The Minnesotan responsible for "There's Something About Mary" is now a fantasy-book mogul with dreams of being the next J.K. Rowling.
By TOM HORGEN, Star Tribune
Frank Beddor has known many heights in his career: world-champion skier, stuntman, actor, Hollywood producer and, most recently, New York Times best-selling fantasy author. (In that order, too.) Beddor couldn't have imagined a better story line had he written it himself.
"All I've been doing my whole life is rolling the dice," he said by phone recently from Los Angeles.
Beddor, 51, lives under the Hollywood sign in the Hollywood Hills. But he grew up in Minnesota, a lake kid who still comes back to his childhood home in Chanhassen.
While his life has taken many twists and turns since he left Minnesota, it is this role as a fantasy writer that has turned out to be his calling.
Beddor is the author of "The Looking Glass Wars," a trilogy of young-adult novels that has spawned two graphic novels, an online video game, weekly school readings and talks of a big-budget movie. The books are an action-packed reimagining of "Alice in Wonderland" that heightens the darker tones of Lewis Carroll's classic and flips the 1951 Disney film on its head.
In Beddor's novels, the familiar tale of Alice's journey down the rabbit hole is all wrong. The truth is this: Princess Alyss and her allies are locked in a bloody civil war with the evil Aunt Redd for control of Wonderland.
But this Wonderland is not full of Mad Hatter tea parties and singing white rabbits. Many of the beloved characters seem to have taken on action-movie roles. Cheshire Cat, for example, is reimagined as an assassin tasked with hunting down Alyss.
On Oct. 15, Beddor released the trilogy's final installment, "ArchEnemy," as well as a second graphic novel based on the series. The first two novels ("The Looking Glass Wars" and "Seeing Redd") spent a combined 31 weeks on the New York Times bestseller list for "children's chapter" books.
Beddor, who grew up in Excelsior, is actually Frank Beddor III. His father, who died in 2007 at age 83, was Frank Beddor Jr., a well-known businessman who followed his own father (also Frank) into the printing business. At one time, Beddor Jr. owned a multimillion-dollar printing empire that stretched across the Midwest.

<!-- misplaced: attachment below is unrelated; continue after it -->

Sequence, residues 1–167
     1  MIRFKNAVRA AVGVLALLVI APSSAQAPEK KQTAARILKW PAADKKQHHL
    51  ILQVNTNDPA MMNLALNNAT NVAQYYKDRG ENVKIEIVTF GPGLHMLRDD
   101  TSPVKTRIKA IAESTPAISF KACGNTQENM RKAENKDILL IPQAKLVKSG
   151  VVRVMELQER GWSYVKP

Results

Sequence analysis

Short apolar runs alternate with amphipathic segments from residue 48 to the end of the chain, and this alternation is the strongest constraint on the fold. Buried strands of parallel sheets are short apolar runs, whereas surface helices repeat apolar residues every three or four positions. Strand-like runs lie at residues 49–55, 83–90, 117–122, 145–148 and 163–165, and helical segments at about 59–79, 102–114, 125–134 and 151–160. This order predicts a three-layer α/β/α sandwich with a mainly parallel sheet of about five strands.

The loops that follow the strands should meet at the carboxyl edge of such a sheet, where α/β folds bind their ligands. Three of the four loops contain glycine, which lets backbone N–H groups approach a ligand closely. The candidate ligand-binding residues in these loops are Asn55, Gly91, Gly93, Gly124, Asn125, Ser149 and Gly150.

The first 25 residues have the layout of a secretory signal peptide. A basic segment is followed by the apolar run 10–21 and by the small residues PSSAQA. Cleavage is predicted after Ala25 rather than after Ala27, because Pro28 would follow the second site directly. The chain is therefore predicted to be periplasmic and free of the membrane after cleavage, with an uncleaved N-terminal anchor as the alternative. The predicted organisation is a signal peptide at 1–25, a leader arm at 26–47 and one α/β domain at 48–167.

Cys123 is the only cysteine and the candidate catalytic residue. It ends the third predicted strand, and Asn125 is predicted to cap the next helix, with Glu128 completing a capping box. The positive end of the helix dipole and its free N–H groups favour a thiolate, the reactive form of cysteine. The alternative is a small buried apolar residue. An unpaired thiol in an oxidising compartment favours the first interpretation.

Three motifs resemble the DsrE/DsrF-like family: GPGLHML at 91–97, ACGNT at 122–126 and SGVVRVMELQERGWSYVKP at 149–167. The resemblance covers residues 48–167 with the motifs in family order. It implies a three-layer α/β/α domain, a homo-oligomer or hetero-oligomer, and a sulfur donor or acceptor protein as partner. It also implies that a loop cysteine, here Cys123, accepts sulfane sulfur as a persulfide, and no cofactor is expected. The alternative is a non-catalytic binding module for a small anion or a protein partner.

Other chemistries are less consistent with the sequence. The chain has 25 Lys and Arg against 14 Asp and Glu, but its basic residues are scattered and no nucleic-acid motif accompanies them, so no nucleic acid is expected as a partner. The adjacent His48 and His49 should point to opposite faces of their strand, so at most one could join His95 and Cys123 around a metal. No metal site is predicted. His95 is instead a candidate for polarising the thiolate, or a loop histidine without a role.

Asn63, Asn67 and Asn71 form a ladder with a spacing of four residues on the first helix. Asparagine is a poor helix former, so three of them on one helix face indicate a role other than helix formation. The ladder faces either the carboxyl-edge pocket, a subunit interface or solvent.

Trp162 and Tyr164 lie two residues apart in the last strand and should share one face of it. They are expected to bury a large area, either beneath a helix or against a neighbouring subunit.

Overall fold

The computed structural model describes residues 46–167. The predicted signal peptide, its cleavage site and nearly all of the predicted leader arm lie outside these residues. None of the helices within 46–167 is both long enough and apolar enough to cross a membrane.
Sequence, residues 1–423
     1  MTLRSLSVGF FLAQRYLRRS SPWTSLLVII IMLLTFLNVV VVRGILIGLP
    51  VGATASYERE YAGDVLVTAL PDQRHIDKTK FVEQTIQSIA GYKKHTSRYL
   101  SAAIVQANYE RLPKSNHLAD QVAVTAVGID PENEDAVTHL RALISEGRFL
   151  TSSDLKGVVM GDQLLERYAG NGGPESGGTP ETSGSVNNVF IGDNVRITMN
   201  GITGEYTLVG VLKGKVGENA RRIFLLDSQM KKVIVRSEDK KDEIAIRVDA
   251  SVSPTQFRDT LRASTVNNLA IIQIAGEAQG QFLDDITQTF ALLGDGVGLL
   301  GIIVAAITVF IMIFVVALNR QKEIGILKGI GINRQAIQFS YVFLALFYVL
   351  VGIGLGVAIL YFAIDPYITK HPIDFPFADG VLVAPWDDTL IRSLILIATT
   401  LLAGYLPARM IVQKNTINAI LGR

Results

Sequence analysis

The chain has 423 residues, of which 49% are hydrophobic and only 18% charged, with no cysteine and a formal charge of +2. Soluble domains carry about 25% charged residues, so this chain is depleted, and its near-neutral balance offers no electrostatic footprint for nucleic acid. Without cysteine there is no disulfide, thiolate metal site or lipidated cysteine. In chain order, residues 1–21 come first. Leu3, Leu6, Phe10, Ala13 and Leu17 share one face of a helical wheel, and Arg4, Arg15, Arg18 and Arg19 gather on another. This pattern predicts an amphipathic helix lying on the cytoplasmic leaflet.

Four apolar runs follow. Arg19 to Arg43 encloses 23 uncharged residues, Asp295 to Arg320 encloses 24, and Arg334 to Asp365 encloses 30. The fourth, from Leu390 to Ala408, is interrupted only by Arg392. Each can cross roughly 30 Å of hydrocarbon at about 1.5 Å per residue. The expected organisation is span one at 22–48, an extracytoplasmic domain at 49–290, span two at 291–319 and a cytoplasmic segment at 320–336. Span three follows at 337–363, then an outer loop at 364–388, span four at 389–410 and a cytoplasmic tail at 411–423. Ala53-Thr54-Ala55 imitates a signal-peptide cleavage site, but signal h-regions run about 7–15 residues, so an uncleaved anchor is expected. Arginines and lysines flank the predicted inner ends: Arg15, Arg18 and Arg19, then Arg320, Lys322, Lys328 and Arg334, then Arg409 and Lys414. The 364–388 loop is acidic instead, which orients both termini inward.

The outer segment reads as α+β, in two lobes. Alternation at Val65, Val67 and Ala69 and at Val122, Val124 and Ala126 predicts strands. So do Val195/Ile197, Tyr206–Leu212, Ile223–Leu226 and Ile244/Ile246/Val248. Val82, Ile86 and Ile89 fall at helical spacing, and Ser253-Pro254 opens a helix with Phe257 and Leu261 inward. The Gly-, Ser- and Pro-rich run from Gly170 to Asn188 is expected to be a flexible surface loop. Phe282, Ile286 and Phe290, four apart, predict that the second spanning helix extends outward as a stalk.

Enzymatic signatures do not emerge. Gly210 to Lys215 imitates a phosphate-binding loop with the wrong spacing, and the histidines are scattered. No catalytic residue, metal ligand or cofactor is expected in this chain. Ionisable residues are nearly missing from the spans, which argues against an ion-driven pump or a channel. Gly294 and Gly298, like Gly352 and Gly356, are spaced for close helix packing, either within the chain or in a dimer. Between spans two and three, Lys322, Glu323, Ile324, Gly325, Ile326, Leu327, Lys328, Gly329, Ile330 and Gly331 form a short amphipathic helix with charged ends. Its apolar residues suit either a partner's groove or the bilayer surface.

As a young man, Beddor's father was also a showman of sorts -- something he definitely passed on to his children. Topping his many exploits was the time he water-skied 1,800 miles down the Mississippi River in 1953 while wearing a Paul Bunyan costume (it was publicity for his Brainerd-based ski show).
Beddor learned how to water-ski when he was 6 years old. He won the world championship in freestyle snow skiing in 1981 and 1982. He retired from professional skiing at 23, but later landed stunt roles in several Hollywood movies. While a full-time transition into acting never took off, he kept his Hollywood connections. In the mid-1990s, Beddor wrote a script he called "Whiteout," about the World War II army unit he described as "The Dirty Dozen" on skis. It was never made.
But skiing would eventually pay off big time. On a chairlift during the Sundance Film Festival in Park City, Utah, Beddor pitched his friends' idea for "There's Something About Mary" to a highpowered movie executive. The movie's release in 1998 made bigger stars out of Cameron Diaz and Ben Stiller, while its mix of romance and crude humor made it the highest-grossing comedy of the year. More important to Beddor's financial future, it went on to gross $370 million globally.